Black-throated Sparrows breed over a wide range of habitats in the United States and Mexico including: the Sonoran, Chihuahuan, Mojave and Great Basin deserts, the central plateau of Mexico and the ecoregions of Baja California. In these varied habitats, these sparrows feed on insects and their larvae during the breeding season when these prey are abundant and nestlings need ample food. At other seasons these birds eat grass seeds as well as the seeds of shrubs and cacti. Food items are gathered opportunistically from the ground or from plant stalks and stems (Johnson et al. 2002).
Nine subspecies are recognized for Black- throated Sparrow, 3 confined to 3 islands in the Sea of Cortez. Biochemical studies do not exclude the possibility that more than one species is involved in this taxa (Johnson et al. 2002).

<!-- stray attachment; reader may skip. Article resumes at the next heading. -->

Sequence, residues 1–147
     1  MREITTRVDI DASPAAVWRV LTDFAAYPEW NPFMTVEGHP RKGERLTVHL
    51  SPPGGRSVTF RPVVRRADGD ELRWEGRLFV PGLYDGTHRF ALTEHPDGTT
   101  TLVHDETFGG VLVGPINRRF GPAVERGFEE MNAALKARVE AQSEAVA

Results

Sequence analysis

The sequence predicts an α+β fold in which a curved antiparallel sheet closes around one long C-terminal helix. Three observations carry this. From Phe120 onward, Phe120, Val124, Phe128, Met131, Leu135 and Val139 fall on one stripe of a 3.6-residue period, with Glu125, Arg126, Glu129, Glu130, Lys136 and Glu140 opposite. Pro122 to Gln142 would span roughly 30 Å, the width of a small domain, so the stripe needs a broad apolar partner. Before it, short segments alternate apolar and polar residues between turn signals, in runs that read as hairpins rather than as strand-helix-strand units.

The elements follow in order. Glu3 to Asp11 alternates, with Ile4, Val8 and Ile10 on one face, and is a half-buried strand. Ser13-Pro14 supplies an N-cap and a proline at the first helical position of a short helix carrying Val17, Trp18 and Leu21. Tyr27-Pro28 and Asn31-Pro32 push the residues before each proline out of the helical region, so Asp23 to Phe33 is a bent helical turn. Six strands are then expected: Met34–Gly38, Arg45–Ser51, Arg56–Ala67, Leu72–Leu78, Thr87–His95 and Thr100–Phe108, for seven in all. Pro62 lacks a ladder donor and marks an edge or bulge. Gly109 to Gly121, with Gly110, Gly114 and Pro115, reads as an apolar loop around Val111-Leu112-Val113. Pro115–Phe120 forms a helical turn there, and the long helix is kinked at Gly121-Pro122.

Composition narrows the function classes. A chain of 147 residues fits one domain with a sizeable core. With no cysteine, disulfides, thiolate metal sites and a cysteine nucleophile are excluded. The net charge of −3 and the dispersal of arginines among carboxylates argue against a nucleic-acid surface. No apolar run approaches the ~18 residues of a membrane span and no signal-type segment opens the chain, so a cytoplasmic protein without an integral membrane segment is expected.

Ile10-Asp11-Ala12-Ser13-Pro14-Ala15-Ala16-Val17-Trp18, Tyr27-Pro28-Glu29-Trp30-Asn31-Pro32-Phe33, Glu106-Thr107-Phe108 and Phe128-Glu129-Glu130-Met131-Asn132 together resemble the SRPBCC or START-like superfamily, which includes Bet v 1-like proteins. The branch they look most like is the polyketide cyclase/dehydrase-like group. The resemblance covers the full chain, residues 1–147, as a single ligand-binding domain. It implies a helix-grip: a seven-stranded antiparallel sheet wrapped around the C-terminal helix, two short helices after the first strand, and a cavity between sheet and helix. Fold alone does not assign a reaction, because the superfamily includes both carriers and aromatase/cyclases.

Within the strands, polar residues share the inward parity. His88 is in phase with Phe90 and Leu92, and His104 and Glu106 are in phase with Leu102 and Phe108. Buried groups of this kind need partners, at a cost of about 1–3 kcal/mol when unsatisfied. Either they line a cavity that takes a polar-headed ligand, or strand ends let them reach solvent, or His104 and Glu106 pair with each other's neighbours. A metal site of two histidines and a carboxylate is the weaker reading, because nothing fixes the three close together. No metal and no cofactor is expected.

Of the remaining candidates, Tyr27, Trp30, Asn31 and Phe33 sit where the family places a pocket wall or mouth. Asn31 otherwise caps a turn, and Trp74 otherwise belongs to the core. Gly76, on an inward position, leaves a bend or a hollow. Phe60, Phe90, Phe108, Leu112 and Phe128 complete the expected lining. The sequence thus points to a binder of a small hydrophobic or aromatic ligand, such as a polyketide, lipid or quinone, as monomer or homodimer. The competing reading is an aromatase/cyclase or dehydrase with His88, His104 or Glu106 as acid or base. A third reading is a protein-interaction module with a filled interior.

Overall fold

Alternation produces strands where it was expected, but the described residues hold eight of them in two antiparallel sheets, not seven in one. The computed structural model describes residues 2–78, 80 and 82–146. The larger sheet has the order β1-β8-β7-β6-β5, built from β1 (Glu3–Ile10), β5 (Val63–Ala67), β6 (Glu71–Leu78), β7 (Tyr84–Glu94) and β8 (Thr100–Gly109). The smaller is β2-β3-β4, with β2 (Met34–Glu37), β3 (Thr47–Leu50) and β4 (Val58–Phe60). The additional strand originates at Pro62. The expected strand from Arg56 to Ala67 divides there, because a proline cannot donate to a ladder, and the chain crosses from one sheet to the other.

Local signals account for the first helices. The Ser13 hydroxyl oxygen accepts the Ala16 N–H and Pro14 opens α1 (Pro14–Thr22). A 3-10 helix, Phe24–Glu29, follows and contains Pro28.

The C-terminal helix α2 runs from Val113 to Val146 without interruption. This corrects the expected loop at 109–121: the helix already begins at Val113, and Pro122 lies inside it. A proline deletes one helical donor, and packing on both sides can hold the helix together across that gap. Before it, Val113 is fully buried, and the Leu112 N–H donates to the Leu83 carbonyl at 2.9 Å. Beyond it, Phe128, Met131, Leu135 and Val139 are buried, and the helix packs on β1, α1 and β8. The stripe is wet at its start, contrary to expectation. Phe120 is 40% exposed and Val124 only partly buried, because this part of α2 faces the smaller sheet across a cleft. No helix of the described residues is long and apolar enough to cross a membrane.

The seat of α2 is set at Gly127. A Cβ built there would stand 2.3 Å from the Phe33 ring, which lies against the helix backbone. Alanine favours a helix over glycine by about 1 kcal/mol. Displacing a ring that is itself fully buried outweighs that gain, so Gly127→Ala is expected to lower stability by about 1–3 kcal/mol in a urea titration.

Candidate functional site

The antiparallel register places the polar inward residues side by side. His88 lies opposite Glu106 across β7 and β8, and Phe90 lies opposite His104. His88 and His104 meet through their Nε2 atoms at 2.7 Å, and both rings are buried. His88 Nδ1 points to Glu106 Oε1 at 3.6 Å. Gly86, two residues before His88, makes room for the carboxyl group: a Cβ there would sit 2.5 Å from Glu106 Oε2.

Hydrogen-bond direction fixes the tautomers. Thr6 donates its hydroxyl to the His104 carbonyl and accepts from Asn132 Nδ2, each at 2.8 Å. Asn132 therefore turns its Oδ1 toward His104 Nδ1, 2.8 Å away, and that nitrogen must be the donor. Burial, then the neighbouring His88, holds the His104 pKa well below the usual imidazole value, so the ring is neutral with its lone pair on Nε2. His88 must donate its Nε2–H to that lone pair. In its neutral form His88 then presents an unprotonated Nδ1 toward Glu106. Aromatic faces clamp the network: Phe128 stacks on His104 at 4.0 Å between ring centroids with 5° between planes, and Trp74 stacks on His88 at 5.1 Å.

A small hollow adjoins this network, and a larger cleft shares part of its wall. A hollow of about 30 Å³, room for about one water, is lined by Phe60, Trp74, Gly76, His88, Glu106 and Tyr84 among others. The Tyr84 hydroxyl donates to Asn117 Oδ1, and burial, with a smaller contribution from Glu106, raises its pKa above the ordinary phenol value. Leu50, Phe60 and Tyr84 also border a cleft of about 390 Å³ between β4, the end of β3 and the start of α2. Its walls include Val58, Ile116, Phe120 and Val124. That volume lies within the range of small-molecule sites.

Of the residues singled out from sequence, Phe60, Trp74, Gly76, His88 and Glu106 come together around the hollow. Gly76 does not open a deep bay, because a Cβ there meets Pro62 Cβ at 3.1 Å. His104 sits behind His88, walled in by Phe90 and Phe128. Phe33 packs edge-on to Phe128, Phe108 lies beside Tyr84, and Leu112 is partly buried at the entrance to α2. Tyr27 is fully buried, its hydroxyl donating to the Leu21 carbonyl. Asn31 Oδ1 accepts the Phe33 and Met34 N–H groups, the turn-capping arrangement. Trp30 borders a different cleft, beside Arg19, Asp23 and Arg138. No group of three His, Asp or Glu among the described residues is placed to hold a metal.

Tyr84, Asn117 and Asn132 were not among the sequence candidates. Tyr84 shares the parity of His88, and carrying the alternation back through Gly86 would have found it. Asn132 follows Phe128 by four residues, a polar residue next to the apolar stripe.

DISTRIBUTION. During the 1987-1992 field work seasons of the TBBA project, volunteers found the highest concentration of breeding sites for Black-throated Sparrows in the Trans-Pecos, followed by the South Texas Brush Country, the Edwards Plateau and the Rolling Plains regions (see the region map in Lockwood and Freeman ). The map derived from 1994-2003 North American Breeding Bird Survey (BBS) data is quite similar to the TBBA map with relative abundances as high as 30-100 sparrows per route in the Big Bend area (Sauer et al. 2007). The BBS route with the national high average count for the same time as the TBBA field work was the Slaughter route in El Paso County with 102 Black-throated Sparrows (Price et al. 1995). The two breeding sites in the Panhandle, the single site in extreme northwest Oklahoma (Wiggins 2004), the presence of only 6 breeding sites east of the Rockies in southern Colorado (Lambeth 1998) and the low BBS relative abundance (<1 sparrow per route) in adjacent New Mexico (Sauer et al. 2007) indicate the rare and local nature of these sparrows in this area.